Also, wanted to know if citing South Africa as an adopter of marriage equality was simply an indicator of non-homogeneity in Africa–they obviously aren’t figured in to our stats because they are British Methodist. I would be curious to see an overlay map which shows the African countries and their laws related to homosexuality in reference to the relative strength of a Western church presence there (and which one).

  3. says

    Notwithstanding the criticisms offered here and on FB of your treatment of the IRD, I think your basic analysis is helpful. :) Your own bias/hope shows through, but that is OK, mine would too.

    I take issue in two areas of thought which show up toward the end:

    First, somehow the ideas of “pragmatic Methodists” and “hearts enflamed” just don’t go together for me. It’s just hard to imagine. “God has filled up my heart with the love of Jesus… and convinced me that we must pursue… what *works*! ..what people will *accept*! …Hallelujah!” But maybe that’s just me.

    And secondly, well it’s really the same topic. You seem have an underlying assumption here that the UMC should change its teachings on sexuality in order to be successful, in order to reach more people, in order to grow (that’s how I read “being our best self in our context”). I think that at the root is a pragmatic assumption based on what our younger generations have come to believe and accept in their secular worldview, but we need to examine this assumption before acting on it. I agree of course that in the Kingdom of God, we should indeed hope to be successful, to reach more people, and to grow. But that rarely means simply embracing the values of the culture around us. Sometimes the culture is right, and sometimes it’s wrong. Sometimes change is progress or healing, and sometimes change is regression or perversion. In other words, “the right side of history,” so to speak, isn’t always right.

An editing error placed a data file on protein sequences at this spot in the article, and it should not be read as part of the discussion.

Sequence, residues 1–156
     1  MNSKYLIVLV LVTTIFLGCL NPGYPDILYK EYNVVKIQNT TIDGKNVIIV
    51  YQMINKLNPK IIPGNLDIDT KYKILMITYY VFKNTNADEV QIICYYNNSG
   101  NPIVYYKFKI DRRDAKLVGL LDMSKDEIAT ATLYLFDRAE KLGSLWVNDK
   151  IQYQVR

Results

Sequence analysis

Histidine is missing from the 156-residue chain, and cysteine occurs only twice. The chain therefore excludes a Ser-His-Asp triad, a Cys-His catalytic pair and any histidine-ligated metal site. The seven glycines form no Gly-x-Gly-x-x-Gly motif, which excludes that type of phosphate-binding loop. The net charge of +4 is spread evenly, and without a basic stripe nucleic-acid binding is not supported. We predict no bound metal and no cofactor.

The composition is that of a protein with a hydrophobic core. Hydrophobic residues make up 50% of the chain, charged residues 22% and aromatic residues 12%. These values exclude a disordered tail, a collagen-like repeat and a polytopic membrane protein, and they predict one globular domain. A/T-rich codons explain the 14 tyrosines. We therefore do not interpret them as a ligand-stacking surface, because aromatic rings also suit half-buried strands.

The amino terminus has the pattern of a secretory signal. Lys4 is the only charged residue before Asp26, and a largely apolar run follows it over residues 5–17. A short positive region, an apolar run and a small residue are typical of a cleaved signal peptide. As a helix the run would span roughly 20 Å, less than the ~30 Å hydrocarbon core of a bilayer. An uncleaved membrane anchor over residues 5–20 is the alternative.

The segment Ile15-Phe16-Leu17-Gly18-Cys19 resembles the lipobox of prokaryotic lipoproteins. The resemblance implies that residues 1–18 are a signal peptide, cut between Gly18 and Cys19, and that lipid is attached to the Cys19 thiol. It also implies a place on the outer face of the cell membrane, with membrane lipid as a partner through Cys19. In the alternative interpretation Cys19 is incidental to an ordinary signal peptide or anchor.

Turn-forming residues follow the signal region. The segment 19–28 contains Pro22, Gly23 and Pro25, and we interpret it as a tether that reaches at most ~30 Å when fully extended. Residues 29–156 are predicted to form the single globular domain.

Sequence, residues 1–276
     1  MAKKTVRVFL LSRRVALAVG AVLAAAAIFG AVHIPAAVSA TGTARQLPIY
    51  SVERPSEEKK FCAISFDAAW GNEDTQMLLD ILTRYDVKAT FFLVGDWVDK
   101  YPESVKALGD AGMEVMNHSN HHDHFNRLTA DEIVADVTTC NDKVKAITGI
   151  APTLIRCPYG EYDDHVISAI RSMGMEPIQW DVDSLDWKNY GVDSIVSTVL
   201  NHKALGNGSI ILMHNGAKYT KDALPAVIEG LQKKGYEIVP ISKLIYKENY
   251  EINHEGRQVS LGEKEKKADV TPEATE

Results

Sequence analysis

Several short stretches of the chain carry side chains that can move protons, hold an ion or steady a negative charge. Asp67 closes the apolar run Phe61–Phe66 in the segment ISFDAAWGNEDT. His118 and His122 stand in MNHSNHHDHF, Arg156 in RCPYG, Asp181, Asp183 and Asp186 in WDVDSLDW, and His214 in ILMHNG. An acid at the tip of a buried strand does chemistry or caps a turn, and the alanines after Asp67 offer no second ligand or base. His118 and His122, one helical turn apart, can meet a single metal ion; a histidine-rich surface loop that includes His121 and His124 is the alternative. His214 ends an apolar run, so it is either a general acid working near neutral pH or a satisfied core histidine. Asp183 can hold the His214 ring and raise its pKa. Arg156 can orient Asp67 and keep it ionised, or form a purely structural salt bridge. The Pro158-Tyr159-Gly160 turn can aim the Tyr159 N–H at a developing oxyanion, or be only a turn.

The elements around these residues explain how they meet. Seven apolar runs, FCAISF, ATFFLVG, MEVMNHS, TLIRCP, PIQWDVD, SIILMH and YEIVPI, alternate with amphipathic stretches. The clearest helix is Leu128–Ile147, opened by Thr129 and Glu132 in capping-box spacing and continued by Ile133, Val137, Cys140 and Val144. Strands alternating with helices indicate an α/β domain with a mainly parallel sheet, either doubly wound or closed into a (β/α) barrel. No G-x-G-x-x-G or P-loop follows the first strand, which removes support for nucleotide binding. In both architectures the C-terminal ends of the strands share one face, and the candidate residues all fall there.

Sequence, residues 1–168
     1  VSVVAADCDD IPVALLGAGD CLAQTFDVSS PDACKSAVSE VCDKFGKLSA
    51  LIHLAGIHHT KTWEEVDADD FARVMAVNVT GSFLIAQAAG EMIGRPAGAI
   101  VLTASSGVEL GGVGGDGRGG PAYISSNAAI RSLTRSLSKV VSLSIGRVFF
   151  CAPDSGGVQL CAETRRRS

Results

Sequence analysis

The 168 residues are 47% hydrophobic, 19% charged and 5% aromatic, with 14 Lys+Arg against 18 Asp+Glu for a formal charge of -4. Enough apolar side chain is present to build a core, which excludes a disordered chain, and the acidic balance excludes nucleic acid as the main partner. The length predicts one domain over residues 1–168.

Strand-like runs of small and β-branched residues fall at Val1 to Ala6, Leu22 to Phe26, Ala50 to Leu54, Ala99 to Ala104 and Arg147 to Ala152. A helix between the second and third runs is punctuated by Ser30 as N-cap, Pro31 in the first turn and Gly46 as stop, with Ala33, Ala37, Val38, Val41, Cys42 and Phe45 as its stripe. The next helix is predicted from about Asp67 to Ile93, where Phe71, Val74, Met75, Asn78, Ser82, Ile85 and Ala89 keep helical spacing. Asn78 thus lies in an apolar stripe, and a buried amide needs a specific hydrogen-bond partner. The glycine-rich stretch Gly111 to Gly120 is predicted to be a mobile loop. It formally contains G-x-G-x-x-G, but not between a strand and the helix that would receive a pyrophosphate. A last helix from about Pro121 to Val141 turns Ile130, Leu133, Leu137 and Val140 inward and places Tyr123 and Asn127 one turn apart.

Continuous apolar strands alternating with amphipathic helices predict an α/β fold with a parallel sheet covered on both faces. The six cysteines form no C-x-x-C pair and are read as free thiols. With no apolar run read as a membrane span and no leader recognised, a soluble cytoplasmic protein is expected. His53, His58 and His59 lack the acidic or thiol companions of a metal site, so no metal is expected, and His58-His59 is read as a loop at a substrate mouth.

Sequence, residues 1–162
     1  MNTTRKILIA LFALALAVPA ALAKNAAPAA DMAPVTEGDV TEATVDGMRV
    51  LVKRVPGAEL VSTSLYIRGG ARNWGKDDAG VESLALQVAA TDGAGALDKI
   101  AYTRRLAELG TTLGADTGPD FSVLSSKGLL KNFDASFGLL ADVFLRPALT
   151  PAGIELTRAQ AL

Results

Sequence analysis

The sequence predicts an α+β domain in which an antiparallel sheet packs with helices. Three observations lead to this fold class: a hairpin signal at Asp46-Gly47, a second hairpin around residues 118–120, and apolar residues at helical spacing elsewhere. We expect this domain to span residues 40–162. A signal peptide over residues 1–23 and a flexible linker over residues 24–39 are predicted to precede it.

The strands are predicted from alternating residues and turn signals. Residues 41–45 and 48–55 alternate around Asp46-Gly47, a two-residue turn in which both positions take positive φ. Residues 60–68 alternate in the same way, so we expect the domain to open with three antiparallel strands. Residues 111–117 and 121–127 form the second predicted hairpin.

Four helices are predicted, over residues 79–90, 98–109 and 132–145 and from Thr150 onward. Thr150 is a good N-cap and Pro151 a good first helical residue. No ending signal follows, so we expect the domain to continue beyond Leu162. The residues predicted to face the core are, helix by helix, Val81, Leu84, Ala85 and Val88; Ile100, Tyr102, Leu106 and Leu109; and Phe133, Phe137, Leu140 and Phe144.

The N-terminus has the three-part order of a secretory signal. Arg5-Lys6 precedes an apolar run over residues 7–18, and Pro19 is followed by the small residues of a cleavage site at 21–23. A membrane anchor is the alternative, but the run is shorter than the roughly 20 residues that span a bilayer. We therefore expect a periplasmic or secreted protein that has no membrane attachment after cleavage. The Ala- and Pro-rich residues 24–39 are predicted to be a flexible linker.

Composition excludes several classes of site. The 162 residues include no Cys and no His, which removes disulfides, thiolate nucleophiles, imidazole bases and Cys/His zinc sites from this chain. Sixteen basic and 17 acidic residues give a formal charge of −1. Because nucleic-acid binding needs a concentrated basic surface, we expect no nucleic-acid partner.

So, the most important questions are not “where is our culture going” or “what will young people accept,” but “where is the Holy Spirit leading us to go,” and “what is the truth we must proclaim?” Of course we can and do have different opinions on this, and I don’t expect to change your mind. However, I’d be happy if I could change a few minds on the crucial issue that it’s more important to be on the right side of God than the right side of cultural trends, so that we can frame the debate in better terms than pragmatism or progress.

    But then, there is one more point which goes along with that. *Even if* we wanted to make our decisions based on where the culture is headed – *even if* God was calling us to agree with people in order to reach them – shouldn’t it give us pause what is happening to every mainline/liberal Protestant denomination which is “ahead” of us on questions of homosexuality? If we want to be pragmatists, we should carefully examine the trends in the ELCA, the PCUSA, the DOC, the UCC, the Episcopal Church, and now the Moravians. Has their change of heart allowed them to reach more young people? Are they growing? Are people who did not know Jesus coming to know Jesus? Is the Kingdom growing? And – let’s be honest, we care about it – will the institutions survive? We should look before we leap.